Arcadia City Council Withdraws Plan for Controversial China & Taiwan ROC Trip
Divisive Donations from Real Estate Interests Cited
By Joe Taglieri
Arcadia City Council members and staff officials will not be going to China and Taiwan next month, Mayor John Wuo told Arcadia Weekly in an interview Wednesday.
“In light of what’s happening in our community and reports in [Arcadia Weekly] and the Pasadena Star-News, I feel like we need to bring the community together rather than have these issues be a concern of the residents,” Wuo said. “We don’t have to go to China, we all thought it was a good idea but evidently the community doesn’t feel that way, and we respect that. So I think it’s best for our residents and for our city that we cancel the trip.”
On Sunday the Pasadena daily published a story that featured government transparency advocates who questioned the ethics of the city’s acceptance of three $10,000 donations from Chinese donors.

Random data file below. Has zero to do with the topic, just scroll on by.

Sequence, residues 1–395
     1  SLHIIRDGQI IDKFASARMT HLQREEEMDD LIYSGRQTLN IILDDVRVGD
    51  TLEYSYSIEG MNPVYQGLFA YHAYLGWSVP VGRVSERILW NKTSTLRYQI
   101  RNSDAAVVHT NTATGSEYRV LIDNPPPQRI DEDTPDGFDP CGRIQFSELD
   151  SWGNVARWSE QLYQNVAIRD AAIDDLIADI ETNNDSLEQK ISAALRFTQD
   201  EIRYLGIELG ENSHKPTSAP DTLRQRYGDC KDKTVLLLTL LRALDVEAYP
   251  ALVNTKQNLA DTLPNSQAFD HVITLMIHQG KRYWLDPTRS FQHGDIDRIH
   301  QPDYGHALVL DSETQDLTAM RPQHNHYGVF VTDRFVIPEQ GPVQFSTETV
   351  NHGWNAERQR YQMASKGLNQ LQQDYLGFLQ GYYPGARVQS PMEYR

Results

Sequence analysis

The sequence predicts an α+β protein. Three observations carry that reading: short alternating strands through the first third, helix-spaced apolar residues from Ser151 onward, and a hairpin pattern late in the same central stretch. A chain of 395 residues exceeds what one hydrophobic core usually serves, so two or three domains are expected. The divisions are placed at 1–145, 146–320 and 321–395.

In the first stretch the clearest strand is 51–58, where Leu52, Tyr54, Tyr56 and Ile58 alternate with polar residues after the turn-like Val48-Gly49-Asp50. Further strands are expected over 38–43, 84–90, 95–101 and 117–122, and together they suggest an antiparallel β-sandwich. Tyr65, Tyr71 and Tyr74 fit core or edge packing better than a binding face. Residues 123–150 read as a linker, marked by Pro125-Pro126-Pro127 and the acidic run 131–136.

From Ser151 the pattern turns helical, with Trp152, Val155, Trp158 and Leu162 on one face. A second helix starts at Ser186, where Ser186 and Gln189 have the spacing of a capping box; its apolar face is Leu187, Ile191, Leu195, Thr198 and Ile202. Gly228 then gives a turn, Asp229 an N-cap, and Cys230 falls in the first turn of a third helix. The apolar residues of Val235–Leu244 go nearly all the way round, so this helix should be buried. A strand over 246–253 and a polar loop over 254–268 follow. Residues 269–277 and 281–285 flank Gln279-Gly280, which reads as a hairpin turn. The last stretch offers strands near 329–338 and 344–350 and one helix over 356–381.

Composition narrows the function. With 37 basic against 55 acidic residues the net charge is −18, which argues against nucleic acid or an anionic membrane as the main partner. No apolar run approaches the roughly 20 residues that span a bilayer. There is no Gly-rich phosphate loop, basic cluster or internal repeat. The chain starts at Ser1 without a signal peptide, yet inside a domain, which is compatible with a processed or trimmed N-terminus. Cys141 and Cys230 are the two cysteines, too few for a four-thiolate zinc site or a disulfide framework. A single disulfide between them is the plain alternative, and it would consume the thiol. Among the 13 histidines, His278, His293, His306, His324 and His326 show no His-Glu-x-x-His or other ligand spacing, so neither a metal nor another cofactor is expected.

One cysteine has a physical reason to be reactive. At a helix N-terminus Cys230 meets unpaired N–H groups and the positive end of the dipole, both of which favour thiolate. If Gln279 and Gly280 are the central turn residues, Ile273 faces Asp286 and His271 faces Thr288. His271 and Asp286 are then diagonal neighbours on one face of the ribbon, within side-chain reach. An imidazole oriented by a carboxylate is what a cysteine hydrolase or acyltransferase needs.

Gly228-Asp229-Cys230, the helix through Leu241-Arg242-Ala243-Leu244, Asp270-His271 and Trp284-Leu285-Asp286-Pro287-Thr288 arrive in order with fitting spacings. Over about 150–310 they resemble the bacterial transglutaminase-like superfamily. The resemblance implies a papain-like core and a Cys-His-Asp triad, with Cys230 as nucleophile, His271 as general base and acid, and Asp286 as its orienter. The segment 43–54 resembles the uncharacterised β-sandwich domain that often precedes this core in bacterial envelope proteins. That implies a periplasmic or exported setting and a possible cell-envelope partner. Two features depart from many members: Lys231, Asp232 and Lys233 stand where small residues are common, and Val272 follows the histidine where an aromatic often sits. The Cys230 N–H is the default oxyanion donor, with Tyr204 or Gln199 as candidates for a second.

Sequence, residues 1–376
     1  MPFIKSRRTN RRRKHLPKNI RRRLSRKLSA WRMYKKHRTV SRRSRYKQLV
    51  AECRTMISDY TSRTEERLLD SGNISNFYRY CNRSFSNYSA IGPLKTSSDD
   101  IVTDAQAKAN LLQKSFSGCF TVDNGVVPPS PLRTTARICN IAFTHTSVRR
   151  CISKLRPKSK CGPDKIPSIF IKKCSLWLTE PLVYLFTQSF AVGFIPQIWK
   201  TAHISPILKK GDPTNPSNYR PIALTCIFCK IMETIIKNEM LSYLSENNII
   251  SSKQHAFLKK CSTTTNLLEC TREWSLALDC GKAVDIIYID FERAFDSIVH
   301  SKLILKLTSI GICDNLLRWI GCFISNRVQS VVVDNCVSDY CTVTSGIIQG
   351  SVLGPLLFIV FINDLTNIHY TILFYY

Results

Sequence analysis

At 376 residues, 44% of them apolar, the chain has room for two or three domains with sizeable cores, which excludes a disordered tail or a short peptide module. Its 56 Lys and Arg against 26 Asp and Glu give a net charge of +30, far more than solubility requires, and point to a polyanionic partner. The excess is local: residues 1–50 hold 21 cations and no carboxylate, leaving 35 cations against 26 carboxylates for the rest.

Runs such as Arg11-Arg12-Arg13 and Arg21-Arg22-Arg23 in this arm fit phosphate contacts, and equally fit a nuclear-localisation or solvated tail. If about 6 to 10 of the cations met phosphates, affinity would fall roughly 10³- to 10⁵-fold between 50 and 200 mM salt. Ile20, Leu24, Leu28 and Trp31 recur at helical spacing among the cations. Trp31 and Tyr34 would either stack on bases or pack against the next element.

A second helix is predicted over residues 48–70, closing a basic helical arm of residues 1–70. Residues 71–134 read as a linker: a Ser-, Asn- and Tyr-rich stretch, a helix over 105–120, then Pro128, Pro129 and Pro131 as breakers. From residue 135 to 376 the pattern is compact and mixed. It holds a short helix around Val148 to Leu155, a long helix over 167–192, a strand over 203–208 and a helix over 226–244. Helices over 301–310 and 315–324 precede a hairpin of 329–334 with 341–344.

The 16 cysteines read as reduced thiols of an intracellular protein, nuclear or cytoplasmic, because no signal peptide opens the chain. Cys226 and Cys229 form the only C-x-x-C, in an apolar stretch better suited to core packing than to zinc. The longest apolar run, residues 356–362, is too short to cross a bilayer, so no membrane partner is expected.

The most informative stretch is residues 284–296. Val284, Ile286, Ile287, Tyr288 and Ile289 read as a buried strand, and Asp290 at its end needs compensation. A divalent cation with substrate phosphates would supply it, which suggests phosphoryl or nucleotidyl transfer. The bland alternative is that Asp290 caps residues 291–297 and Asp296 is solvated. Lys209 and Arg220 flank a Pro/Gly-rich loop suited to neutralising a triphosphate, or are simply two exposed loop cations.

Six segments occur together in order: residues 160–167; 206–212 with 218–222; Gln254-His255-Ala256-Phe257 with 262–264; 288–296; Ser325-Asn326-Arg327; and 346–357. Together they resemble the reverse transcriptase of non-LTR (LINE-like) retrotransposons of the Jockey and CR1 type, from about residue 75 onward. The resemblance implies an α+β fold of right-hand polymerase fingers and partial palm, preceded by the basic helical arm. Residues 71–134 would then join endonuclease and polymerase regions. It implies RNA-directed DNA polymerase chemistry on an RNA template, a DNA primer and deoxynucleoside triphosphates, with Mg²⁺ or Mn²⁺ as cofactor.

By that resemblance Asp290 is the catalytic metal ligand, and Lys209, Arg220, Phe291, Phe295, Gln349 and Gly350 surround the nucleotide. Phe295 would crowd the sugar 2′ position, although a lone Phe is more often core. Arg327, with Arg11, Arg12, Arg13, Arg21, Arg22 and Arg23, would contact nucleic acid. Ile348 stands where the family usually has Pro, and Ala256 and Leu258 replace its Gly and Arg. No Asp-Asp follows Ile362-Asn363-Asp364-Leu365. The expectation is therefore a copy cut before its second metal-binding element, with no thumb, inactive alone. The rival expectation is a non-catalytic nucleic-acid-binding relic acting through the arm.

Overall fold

Officials said the $30,000 — which Wuo and City Manager Dominic Lazzaretto said would be returned to the donors — would be used to cover travel expenses for a delegation that would have Mayor John Wuo and his wife, Council Member Sho Tay and his wife, Council Member Tom Beck, City Manager Dominic Lazzaretto, City Attorney Stephen Deitsch, Fire Chief Kurt Norwood, Public Works Services Director Tom Tait, Recreation and Community Services Director Sara Somogyi as well as the mayor’s brother and sister-in-law George and Sandy Wuo.
One of the donors is a prolific real estate developer in Arcadia, which aroused suspicion among a significant number of Arcadia residents.
In an interview Tuesday, Jie Li said his company Perfect Brothers Development Corp. — reportedly based in Rowland Heights though documents from Arcadia’s planning department indicate Li works out of the office of Treeline Realty in Temple City — has done about 30 high-priced residential projects in Arcadia over the last four years.